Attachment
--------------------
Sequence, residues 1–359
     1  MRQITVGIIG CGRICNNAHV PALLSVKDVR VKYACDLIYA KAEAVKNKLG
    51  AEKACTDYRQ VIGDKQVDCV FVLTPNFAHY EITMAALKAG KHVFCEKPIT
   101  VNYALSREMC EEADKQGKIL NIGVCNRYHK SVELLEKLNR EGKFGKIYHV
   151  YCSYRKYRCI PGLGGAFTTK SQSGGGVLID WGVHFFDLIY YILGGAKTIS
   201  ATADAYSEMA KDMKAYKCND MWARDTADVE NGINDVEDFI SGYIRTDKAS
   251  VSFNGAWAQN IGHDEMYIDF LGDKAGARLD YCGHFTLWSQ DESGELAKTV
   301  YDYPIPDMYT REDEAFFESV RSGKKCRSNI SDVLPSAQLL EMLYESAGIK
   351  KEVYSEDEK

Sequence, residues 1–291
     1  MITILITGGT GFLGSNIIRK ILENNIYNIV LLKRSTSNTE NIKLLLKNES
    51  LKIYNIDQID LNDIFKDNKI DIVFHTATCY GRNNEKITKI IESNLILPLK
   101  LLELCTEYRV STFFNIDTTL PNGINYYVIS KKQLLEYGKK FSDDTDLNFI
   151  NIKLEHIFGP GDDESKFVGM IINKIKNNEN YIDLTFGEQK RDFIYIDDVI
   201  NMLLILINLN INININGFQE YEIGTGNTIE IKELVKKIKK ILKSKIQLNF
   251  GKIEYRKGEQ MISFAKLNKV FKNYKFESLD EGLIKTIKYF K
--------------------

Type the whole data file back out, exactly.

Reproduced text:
Sequence, residues 1–359
     1  MRQITVGIIG CGRICNNAHV PALLSVKDVR VKYACDLIYA KAEAVKNKLG
    51  AEKACTDYRQ VIGDKQVDCV FVLTPNFAHY EITMAALKAG KHVFCEKPIT
   101  VNYALSREMC EEADKQGKIL NIGVCNRYHK SVELLEKLNR EGKFGKIYHV
   151  YCSYRKYRCI PGLGGAFTTK SQSGGGVLID WGVHFFDLIY YILGGAKTIS
   201  ATADAYSEMA KDMKAYKCND MWARDTADVE NGINDVEDFI SGYIRTDKAS
   251  VSFNGAWAQN IGHDEMYIDF LGDKAGARLD YCGHFTLWSQ DESGELAKTV
   301  YDYPIPDMYT REDEAFFESV RSGKKCRSNI SDVLPSAQLL EMLYESAGIK
   351  KEVYSEDEK

Sequence, residues 1–291
     1  MITILITGGT GFLGSNIIRK ILENNIYNIV LLKRSTSNTE NIKLLLKNES
    51  LKIYNIDQID LNDIFKDNKI DIVFHTATCY GRNNEKITKI IESNLILPLK
   101  LLELCTEYRV STFFNIDTTL PNGINYYVIS KKQLLEYGKK FSDDTDLNFI
   151  NIKLEHIFGP GDDESKFVGM IINKIKNNEN YIDLTFGEQK RDFIYIDDVI
   201  NMLLILINLN INININGFQE YEIGTGNTIE IKELVKKIKK ILKSKIQLNF
   251  GKIEYRKGEQ MISFAKLNKV FKNYKFESLD EGLIKTIKYF K